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Fig. 2 Laboratory zero-offset data (seismograms) obtained for line Y150 with the narrow-beam transducer (left) and the broad-beam transducer (right). The transducer is located at 150 mm above the model. Clipping with x = 15 (left) and x = 40 (right) is applied

3 Numerical methods We use two kinds of numerical methods for synthetic modeling of the zero-offset experiments: a SEM and a DKIM. The SEM is based upon a high-order piecewise polynomial approximation of the weak formulation of the wave equation. It combines the accuracy of the pseudospectral method with the flexibility of the finite-element method (Tromp et al. 2008). In this method, the wavefield is represented in terms of high-degree Lagrange interpolants, and integrals are computed based upon Gauss–Lobatto–Legendre quadrature. This combination leading to a perfectly diagonal mass matrix leads in turn to a fully explicit time scheme which lends itself very well to numerical simulations on parallel computers. It is particularly well suited to handling complex geometries and interface matching conditions (Cristini and Komatitsch 2012). The typical element size that is required to generate an accurate mesh is of the order of k, k being the smallest wavelength of waves traveling in the model. Very distorted mesh elements can be accurately handled (Oliveira and Seriani 2011). The SEM may be computationally expensive depending on the size of the domain, especially for 3D domains and high-frequency simulations. We thus mesh the model in 2D with quadrangles using the open-source software package Gmsh (Geuzaine and Remacle 2009). We implement directional directivity of standard ultrasonic transducers using a set of equidistant omnidirectional sources (like a horizontal array) whose amplitude is weighted by a Hamming window. The radiation of the simulated source is directed along the vertical. It is obtained using 51 point sources distributed over a line length of 2.54 cm, which corresponds to the diameter of the NB transducer.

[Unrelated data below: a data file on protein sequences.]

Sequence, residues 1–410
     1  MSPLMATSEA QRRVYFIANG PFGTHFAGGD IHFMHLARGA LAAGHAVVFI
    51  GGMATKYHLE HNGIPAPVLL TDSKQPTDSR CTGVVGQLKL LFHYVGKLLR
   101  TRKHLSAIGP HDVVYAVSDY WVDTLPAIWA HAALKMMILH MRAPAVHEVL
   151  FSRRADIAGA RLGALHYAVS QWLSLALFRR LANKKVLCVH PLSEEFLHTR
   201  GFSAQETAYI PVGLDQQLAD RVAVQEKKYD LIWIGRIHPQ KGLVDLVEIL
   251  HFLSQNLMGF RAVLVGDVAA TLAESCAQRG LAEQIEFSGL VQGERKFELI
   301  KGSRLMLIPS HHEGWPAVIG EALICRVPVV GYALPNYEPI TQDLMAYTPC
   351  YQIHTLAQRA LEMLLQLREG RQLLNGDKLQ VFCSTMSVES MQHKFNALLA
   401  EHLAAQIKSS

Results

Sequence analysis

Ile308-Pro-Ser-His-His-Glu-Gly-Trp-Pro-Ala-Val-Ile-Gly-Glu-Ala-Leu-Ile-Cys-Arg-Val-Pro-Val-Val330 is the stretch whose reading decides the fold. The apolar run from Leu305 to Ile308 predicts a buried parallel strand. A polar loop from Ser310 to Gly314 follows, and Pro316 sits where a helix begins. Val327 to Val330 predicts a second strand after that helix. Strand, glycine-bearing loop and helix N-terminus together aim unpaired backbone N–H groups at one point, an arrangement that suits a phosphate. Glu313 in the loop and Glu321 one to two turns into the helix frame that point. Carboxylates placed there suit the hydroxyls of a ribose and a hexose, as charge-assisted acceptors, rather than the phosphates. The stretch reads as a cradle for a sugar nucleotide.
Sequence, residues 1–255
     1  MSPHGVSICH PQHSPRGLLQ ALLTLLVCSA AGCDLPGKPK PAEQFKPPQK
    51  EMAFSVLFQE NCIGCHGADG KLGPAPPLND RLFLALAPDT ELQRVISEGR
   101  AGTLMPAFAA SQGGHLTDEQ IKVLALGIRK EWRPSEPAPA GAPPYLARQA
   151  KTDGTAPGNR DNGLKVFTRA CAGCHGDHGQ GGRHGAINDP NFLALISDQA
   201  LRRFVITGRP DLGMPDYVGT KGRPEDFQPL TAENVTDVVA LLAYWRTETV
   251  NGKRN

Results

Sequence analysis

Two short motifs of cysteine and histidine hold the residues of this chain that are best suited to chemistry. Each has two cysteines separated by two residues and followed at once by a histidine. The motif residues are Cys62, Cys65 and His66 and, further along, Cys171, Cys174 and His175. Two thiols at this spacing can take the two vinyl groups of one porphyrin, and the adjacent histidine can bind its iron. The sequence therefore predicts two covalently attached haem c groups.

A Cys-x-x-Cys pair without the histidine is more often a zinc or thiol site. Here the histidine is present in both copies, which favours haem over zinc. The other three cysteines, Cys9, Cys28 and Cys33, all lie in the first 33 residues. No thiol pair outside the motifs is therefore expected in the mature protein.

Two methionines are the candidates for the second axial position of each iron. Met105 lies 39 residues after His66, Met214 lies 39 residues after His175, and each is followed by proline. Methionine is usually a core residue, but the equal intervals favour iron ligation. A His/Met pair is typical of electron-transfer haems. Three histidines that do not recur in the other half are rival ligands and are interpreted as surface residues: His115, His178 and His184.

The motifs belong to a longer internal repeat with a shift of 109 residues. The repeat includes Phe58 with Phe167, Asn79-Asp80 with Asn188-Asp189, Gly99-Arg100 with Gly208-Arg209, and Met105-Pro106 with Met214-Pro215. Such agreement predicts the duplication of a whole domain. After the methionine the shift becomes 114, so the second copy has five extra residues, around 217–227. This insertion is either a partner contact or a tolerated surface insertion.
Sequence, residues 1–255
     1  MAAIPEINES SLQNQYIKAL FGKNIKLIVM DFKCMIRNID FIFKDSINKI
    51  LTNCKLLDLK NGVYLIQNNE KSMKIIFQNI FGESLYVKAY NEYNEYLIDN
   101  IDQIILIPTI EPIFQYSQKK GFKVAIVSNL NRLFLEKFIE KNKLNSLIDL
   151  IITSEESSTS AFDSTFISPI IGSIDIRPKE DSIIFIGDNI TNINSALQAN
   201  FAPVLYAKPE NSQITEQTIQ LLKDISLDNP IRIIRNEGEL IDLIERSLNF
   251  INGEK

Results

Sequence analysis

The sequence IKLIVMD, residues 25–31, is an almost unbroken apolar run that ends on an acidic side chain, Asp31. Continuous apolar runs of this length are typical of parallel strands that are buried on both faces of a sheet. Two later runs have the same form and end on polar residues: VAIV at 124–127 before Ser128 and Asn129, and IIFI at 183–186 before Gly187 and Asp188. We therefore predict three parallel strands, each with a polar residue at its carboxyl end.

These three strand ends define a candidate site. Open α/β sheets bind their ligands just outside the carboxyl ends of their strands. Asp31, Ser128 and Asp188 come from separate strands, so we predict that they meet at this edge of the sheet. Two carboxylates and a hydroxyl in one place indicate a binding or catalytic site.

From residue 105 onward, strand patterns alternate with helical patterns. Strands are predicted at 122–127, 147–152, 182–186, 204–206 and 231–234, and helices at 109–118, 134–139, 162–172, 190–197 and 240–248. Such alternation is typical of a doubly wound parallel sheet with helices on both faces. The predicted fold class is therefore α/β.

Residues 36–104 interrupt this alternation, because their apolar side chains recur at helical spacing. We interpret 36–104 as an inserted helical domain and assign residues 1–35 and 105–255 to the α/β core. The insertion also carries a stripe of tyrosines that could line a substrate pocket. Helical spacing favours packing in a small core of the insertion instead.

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The DKIM is a method based on numerical evaluation of the Kirchhoff–Helmholtz surface integral, which is a powerful tool to model the scattered wavefield from a piecewise smooth interface (Tygel and Ursin 1999). Both the field and its normal derivative at the interface, appearing in the integral, are commonly computed using the Kirchhoff approximation, i.e., by multiplication of the incident wavefield and its normal derivative with the planewave reflection coefficient (Bleistein 1984). The discretization is performed exploiting the formulas by Ayzenberg et al. (2007). The detailed physical explanation of the method based on Huygens’ principle is presented in Ayzenberg et al. (2009).

4 Comparison of numerical simulations with experimental data Figure 3 focuses on the wave reflection from, and transmission through, the flat and curved parts of the Marseille model, together with the diffraction effects induced by the truncated part of the small dome (line Y150), both illuminated by the NB transducer and modeled using the SEM. We can notice the cuspidal form of the interaction between the wave reflections from the (flat and curved) part of the Marseille model and the wave diffractions by the truncated part or the edge of the dome. The result of the modeling of the primary reflection from the top of the PVC material along line Y150 is shown in Fig. 4, which provides detailed comparison of two traces, corresponding to two different positions of the source above the truncated dome (i.e., just above the top of the dome and just above the truncated part of the dome). All datasets, including that illustrated in Fig. 4, are normalized by